Although not shown in FIG. 2, one can appreciate that each sub-cable 180a can be connectorized and used with a drop cable as shown in the environment of FIG. 1. Specifically, the sub-cables 180a can be factory-terminated prior to installation and, given that each of the sub-cables 180a are self-supporting OSP-rated fiber-optic cables, no additional reinforcement is necessary after termination at the factory.
 FIG. 3 is a diagram showing another embodiment of the cable of FIG. 1. As shown in the embodiment of FIG. 3, the system comprises a main cable 120b with multiple sub-cables 180b. Preferably, both the main cable 120b and the sub-cables 180b are self-supporting OSP-rated fiber-optic cables. The main cable 120b comprises a center member 320 with a strength element 310 positioned along a length of the main cable 120b. Surrounding the center member 320 are the sub-cables 180b that run substantially parallel to each other or in a helical fashion about the center member 320. Each sub-cable 180b comprises one or more optical fibers 330, a sub-cable strength element 340, and a sub-cable jacket 350. For some embodiments, the sub-cable strength element 340 comprises aramid yarn that reinforces the strength of the sub-cable 180b. In addition to the central strength element 310 and a ripcord 360, the cable 120b further comprises aramid yarn 380 that surrounds the sub-cables 180b, thereby providing additional reinforcement to the cable 120b. A cable jacket 370 surrounds all of the previously-recited components to protect them from the elements (e.g., moisture, ultraviolet (UV) radiation, pests and other vermin, etc.).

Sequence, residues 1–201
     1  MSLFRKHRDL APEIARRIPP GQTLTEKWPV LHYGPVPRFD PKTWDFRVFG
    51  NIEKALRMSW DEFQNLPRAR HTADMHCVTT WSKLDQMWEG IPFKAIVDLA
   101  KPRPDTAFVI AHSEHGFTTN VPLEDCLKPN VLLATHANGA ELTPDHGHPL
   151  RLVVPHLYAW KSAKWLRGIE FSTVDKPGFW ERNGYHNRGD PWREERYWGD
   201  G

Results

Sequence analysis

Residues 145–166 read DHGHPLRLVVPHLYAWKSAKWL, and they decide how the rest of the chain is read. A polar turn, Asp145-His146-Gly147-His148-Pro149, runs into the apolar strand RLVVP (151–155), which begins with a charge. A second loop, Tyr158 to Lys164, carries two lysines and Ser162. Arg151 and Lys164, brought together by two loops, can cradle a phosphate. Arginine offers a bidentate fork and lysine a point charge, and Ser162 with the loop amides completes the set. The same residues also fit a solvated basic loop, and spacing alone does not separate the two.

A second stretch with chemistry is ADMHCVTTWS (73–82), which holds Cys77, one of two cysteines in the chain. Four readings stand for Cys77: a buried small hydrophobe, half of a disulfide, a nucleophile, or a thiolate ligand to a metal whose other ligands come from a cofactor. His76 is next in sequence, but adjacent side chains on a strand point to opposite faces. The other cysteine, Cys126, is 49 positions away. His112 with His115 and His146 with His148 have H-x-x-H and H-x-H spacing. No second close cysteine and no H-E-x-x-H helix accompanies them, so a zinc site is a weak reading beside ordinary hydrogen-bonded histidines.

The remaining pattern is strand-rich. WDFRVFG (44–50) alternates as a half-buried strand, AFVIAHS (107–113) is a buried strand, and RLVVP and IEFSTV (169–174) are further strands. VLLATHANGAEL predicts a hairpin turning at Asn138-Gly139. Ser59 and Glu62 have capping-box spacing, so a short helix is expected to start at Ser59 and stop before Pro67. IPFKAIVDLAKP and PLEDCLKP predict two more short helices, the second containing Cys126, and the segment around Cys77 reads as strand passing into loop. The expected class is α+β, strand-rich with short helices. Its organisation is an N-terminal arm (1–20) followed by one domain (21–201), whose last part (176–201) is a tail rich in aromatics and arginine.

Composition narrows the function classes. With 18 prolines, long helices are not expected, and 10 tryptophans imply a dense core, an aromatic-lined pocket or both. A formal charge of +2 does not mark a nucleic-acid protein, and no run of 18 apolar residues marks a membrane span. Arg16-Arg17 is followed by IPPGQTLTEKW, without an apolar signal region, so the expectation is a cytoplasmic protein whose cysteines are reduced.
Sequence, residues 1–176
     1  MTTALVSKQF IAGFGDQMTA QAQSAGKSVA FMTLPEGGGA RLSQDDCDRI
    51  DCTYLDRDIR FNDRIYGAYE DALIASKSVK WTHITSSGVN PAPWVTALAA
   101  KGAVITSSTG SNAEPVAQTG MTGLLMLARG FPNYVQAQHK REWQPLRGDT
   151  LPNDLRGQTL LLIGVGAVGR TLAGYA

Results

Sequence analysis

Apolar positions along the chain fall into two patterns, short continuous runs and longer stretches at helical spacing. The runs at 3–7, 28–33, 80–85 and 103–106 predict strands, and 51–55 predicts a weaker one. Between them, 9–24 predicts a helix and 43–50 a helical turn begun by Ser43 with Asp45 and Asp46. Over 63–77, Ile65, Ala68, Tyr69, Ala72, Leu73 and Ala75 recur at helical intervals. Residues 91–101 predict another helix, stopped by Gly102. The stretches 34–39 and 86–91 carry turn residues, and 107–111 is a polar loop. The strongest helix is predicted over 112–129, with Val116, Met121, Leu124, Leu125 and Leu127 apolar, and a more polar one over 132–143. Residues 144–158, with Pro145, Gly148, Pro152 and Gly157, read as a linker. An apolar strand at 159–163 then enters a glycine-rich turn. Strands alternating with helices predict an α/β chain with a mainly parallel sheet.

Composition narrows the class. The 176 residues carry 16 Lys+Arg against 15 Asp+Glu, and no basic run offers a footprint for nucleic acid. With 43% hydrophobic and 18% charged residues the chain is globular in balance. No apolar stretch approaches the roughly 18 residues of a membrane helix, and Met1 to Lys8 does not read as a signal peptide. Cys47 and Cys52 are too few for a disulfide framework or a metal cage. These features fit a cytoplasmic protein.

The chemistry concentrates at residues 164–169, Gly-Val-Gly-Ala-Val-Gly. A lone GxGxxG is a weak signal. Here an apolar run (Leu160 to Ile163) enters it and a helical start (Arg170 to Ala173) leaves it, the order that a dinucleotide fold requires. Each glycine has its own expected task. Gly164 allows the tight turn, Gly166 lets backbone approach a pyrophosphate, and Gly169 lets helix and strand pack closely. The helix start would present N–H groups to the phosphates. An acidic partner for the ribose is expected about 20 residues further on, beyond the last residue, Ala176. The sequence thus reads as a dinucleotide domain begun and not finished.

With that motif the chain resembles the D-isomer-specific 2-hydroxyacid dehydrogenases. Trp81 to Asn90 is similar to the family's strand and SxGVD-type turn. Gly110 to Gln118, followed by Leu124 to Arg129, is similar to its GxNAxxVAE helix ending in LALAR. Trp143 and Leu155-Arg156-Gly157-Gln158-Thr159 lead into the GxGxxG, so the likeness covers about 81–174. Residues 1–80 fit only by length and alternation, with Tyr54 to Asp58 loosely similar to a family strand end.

Again, while not shown in FIG. 3, each sub-cable 180b can be connected in a FTTX system to a drop cable through a connector assembly. Thus, the sub-cables 180b can be factory-terminated with no need for additional reinforcement after termination at the factory.